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Candidates and Campaigns
Women Voters and the Gender Gap

Candidate Recruitment and Women's Election to the State Legislatures

by Kira Sanbonmatsu
Center for American Women and Politics, Eagleton Institute of Politics, Rutgers, The State University of New Jersey, 2003, 47 pages

This report points out that where women run is a critical but overlooked question in studies on women’s successes in running for office. The report finds that candidate emergence and recruitment differs across states. To varying degrees, party recruitment, beliefs about women’s electability, interest groups, and the presence of women legislators, women leaders, and women’s organizations in a state all play a role in the likelihood of a woman running for the legislature.

Report
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Candidate Recruitment
Candidates and Campaigns
Political Parties

Women and American Politics: New Questions, New Directions

Edited by Susan J. Carroll 
Oxford University Press, 2003, 262 pages

This volume presents a research agenda, developed by leading scholars of American politics, suggesting directions that could fruitfully shape the study of women and American politics in the early twenty-first century. Contributors suggest approaches, methods, and topics for future research on political recruitment, campaign strategy, money, political leadership, parties and women's organizations, the gender gap in voting and public opinion, media, women of color, and participation outside of conventional electoral politics.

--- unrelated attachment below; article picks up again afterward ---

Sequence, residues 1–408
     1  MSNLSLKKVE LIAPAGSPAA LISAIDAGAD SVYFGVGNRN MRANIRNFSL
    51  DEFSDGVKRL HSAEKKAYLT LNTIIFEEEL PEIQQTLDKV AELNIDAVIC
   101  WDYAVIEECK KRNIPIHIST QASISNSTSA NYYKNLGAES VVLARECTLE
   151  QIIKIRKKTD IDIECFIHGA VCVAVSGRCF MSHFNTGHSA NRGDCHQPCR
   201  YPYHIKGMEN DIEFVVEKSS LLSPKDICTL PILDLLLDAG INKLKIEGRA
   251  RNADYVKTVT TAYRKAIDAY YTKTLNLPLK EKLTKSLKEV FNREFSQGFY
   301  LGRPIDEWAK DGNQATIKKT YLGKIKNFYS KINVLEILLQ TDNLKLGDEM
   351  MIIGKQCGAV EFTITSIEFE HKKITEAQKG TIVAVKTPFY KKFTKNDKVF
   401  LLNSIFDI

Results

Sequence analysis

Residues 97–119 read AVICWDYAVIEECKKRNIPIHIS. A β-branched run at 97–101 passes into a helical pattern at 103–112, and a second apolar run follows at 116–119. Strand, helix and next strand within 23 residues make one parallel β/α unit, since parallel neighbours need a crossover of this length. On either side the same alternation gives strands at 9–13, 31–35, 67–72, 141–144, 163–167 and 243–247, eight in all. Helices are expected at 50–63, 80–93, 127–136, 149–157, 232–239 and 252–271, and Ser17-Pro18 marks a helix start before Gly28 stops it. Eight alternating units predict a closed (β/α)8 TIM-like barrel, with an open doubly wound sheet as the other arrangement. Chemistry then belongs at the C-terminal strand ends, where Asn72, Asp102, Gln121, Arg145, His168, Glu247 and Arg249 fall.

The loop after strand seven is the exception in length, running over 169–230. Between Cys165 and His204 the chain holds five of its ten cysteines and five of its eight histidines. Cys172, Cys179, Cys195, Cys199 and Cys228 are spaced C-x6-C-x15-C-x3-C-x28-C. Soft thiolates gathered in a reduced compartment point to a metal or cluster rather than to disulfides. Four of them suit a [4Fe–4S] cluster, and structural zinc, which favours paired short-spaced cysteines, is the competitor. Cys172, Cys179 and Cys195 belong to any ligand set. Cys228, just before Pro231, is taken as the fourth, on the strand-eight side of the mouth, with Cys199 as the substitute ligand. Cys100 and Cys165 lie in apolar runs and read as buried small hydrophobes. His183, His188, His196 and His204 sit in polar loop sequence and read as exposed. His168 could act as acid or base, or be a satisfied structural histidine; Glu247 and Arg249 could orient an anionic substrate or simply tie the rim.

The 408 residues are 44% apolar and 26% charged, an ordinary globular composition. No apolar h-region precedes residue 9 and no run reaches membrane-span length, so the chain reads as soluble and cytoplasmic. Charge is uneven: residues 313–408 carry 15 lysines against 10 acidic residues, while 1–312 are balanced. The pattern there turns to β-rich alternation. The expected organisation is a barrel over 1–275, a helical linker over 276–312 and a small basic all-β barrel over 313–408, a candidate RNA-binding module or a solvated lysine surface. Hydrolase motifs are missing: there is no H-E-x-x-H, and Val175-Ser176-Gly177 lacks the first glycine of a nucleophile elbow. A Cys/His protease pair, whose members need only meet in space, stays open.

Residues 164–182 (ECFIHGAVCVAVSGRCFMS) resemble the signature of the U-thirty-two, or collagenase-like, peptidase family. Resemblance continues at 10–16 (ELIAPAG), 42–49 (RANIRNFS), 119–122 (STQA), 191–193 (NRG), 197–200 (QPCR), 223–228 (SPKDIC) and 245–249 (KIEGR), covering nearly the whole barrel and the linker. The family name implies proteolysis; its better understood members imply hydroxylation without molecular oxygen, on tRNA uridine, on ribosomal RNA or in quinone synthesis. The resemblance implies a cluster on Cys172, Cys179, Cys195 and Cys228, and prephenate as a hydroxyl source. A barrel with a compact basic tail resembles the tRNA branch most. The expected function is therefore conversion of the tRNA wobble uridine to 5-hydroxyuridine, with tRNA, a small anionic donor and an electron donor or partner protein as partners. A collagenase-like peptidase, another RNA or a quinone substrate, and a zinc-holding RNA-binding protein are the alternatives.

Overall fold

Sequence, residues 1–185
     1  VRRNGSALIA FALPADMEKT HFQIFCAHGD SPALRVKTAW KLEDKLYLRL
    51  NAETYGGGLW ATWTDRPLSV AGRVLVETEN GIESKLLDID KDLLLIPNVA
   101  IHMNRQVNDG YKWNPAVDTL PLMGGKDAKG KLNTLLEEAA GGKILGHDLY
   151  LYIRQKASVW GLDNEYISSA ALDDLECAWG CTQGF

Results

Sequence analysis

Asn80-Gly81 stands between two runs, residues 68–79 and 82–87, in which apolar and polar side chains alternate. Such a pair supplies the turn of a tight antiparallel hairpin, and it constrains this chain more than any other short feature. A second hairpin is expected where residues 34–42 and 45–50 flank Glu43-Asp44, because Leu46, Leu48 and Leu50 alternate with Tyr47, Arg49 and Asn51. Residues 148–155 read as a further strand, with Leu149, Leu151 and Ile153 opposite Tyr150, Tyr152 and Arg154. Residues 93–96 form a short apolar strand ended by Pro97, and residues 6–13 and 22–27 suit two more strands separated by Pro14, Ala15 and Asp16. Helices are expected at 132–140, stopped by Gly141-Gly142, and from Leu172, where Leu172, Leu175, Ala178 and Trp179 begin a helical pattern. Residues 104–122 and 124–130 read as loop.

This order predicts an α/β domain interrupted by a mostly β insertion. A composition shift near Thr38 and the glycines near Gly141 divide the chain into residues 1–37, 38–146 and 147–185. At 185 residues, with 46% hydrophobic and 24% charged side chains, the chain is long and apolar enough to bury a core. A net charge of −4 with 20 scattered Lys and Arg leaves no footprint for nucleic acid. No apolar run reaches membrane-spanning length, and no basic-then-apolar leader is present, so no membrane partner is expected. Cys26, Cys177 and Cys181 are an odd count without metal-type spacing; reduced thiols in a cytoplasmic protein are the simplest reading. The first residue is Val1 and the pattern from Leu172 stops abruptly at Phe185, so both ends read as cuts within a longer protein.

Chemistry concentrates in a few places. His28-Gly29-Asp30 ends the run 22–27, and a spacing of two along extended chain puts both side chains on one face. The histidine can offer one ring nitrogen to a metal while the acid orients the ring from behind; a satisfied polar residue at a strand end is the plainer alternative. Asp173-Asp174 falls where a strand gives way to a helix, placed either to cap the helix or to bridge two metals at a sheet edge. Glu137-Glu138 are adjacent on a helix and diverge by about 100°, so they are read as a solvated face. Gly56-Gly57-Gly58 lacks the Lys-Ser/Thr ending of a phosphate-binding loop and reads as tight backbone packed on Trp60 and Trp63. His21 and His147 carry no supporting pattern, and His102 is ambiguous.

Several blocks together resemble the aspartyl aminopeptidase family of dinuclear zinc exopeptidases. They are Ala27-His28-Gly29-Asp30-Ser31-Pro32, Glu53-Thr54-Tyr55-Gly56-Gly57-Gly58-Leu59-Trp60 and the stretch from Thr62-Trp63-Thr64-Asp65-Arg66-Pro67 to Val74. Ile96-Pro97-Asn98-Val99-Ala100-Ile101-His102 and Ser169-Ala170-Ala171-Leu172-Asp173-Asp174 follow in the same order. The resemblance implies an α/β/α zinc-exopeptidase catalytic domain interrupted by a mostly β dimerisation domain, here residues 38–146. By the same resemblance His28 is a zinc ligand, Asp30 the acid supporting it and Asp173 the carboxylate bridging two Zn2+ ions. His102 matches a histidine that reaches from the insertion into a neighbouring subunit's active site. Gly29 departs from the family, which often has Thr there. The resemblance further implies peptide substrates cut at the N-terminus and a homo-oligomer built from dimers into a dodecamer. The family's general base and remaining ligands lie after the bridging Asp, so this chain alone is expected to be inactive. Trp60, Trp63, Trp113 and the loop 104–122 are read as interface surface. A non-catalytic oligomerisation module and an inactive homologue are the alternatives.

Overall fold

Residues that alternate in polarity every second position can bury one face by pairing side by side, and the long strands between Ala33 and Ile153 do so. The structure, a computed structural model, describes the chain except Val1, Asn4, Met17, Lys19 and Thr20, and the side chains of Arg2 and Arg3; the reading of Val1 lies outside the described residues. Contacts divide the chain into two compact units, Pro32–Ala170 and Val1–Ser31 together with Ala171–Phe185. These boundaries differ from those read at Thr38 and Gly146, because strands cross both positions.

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Candidate Recruitment
Candidates and Campaigns
Civic and Political Activism
Political Parties
Women Voters and the Gender Gap
Women of Color in Politics

Gender, Political Ambition, and the Initial Decision to Run for Office

by Richard L. Fox 
Center for American Women and Politics, Eagleton Institute of Politics, Rutgers, The State University of New Jersey, 2003, 14 pages 

Funding for this report was provided by the Center for American Women and Politics, Rutgers University. The report sheds light on how women and men think about running for office and the manner in which their attitudes will affect the future prospects of gender parity in U.S. governing bodies. Fox concentrates his research on factors such as age, party affiliation, personal income, external support, and notoriety.

Article
Research
Candidate Recruitment
Candidates and Campaigns

“Gender Stereotypes and Vote Choice"

by Kira Sanbonmatsu
American Journal of Political Science, 2002 (January)

The author argues that many voters have a baseline gender preference to vote for male over female candidates, or female over male candidates. Using original survey data, the author finds that this general predisposition or preference can be explained by gender stereotypes about candidate traits, beliefs, and issue competencies, and by voter gender. The author also argues that this baseline preference affects voting behavior.

Article
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Candidates and Campaigns
Women Voters and the Gender Gap

Gender Differences in Print Media Coverage of Presidential Candidates: Elizabeth Dole's Bid for the Republican Nomination

by Caroline Heldman, Susan J. Carroll, and Stephanie Olson 
American Political Science Association, 2000, 15 pages 

This report examines Elizabeth Dole's bid for the Republican presidential nomination and the ways in which gender bias affected media coverage.

Article
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Candidates and Campaigns